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Late Effects of Treatment for Childhood Cancer (PDQ®): Treatment - Patient Information [NCI] - Reproductive System

Testicles

Testicular late effects are more likely to occur after treatment for certain childhood cancers.

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About This PDQ Summary

Purpose of This Summary This PDQ cancer information summary for health professionals provides comprehensive, peer-reviewed, evidence-based information about the treatment of childhood Ewing sarcoma. It is intended as a resource to inform and assist clinicians who care for cancer patients. It does not provide formal guidelines or recommendations for making health care decisions. Reviewers and Updates This summary is reviewed regularly and updated as necessary by the PDQ Pediatric Treatment...

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Treatment for these and other childhood cancers may cause testicular late effects:

Surgery, radiation and certain chemotherapy drugs increase the risk of late effects that affect the testicles.

The risk of health problems that affect the testicles increases after treatment with one or more of the following:

Late effects that affect the testicles may cause certain health problems.

Late effects of the testicles include the following:

  • Low sperm count: A zero sperm count or a low sperm count may be temporary or permanent. This depends on the radiation dose and schedule, the area of the body treated, and the age when treated.
  • Infertility: The inability to father a child.
  • Retrograde ejaculation: Very little or no semen comes out of the penis during orgasm.

Ovaries

Ovarian late effects are more likely to occur after treatment for certain childhood cancers.

Treatment for these and other childhood cancers may cause ovarian late effects:

  • Hodgkin lymphoma.
  • Cancers treated with total-body irradiation (TBI) before a stem cell transplant.

Radiation to the abdomen and certain chemotherapy drugs increase the risk of ovarian late effects.

The risk of ovarian late effects may be increased after treatment with any of the following:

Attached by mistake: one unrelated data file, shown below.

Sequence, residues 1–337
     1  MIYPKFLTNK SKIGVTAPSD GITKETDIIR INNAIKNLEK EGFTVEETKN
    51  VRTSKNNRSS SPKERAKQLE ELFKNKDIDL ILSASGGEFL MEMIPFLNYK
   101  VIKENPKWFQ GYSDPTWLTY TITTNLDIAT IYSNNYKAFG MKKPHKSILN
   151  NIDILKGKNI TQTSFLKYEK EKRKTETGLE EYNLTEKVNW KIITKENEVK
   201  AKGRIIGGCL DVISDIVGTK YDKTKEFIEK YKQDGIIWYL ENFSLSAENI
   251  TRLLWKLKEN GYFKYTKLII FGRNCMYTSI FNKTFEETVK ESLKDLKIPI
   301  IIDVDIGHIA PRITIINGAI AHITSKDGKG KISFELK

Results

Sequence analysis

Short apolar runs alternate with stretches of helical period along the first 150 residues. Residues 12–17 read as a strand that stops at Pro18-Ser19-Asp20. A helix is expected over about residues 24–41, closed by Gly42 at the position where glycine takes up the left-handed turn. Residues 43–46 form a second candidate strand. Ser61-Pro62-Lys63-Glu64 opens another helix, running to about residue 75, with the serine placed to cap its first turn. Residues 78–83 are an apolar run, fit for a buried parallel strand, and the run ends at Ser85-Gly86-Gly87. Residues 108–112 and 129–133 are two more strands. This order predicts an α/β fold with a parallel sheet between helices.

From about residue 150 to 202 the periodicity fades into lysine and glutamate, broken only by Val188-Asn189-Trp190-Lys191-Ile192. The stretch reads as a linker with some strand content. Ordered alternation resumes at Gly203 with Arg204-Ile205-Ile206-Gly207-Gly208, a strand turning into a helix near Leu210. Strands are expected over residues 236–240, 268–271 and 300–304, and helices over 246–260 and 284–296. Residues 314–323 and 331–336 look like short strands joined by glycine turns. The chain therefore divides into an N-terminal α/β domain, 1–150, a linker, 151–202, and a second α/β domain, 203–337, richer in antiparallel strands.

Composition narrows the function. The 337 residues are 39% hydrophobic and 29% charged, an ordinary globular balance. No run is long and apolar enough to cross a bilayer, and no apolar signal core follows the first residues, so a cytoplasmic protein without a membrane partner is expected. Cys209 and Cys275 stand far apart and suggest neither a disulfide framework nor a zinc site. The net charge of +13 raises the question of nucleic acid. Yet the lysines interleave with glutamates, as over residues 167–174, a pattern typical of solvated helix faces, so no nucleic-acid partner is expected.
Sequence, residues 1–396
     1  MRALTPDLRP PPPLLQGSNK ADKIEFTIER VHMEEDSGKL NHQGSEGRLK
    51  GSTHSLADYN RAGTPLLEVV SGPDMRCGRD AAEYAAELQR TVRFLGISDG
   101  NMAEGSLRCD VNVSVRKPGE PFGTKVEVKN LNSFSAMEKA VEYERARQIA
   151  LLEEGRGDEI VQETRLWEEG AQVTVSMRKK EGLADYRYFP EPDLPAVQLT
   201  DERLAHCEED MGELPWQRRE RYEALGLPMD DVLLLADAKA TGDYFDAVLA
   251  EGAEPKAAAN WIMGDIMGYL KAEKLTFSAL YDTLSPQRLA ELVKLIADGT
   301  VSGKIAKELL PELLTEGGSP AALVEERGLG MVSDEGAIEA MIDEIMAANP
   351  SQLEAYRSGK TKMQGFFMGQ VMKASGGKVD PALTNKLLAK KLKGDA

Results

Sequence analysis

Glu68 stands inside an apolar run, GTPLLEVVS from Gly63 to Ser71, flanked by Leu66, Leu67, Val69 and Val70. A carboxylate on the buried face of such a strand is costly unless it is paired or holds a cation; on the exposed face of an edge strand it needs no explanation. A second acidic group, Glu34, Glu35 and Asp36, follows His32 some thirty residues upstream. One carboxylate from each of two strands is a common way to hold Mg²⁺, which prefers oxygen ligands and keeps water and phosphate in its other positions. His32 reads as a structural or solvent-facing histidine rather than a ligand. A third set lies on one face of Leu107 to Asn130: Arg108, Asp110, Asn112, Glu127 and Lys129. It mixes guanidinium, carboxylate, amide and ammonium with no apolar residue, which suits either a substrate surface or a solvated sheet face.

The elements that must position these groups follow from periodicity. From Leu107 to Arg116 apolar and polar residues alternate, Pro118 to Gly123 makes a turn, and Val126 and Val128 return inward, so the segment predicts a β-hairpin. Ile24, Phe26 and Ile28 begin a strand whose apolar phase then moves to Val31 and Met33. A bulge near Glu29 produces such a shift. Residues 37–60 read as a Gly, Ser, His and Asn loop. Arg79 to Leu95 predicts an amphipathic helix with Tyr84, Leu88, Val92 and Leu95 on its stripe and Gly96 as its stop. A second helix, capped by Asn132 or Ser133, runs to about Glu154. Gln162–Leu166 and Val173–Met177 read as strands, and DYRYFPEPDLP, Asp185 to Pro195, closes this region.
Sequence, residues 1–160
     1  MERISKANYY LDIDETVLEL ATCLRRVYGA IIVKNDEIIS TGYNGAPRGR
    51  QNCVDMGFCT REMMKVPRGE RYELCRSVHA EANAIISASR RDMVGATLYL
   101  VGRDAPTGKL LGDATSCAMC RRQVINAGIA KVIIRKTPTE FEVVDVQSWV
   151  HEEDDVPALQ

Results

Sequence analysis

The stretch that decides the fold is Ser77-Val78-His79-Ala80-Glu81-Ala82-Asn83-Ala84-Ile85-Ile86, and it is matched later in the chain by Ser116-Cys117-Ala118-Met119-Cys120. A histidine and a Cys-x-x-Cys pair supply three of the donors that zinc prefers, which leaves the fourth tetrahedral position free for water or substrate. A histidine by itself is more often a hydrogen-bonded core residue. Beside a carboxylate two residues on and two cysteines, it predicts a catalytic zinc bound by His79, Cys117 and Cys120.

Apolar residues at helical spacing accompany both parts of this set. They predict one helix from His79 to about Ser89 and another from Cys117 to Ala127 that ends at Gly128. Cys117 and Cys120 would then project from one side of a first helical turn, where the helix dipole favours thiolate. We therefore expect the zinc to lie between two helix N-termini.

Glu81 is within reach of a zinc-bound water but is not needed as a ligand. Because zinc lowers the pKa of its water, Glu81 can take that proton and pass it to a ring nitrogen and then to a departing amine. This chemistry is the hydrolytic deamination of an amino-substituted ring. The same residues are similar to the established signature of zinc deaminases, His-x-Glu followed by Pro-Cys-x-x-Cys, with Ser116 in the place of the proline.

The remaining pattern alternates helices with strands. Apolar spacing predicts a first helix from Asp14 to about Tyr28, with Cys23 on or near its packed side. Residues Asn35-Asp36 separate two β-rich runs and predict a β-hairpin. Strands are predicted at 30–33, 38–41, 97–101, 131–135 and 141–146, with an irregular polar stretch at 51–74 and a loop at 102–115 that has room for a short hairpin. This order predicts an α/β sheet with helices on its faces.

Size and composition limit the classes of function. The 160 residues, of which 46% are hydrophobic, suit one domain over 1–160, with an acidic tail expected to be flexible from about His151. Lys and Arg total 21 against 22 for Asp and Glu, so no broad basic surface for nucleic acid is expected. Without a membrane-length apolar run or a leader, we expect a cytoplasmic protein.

• Chemotherapy with alkylating agents, such as cyclophosphamide, mechlorethamine, cisplatin, ifosfamide, lomustine, and especially procarbazine.
  • Radiation therapy to the abdomen or pelvis. In survivors who had radiation to the abdomen, the damage to the ovaries depends on the radiation dose, age at the time of treatment, and whether all or part of the abdomen received radiation.
  • Radiation therapy to the abdomen or pelvis together with alkylating agents.
  • Radiation therapy to the brain and spinal cord.
  • Total-body irradiation (TBI) before a stem cell transplant. In survivors who had TBI, the damage to the ovaries is greatest in survivors who had not reached puberty at the time of treatment.

The risk may also be greater in survivors who were age 13 to 20 years at the time of treatment.

Late effects that affect the ovaries may cause certain health problems.

Ovarian late effects include the following:

  • Early menopause, especially in women who were treated with both an alkylating agent and radiation therapy to the abdomen.
  • Changes in menstrual periods.
  • Infertility (inability to conceive a child).
  • Puberty does not begin.
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WebMD Public Information from the National Cancer Institute

Last Updated: February 25, 2014
This information is not intended to replace the advice of a doctor. Healthwise disclaims any liability for the decisions you make based on this information.
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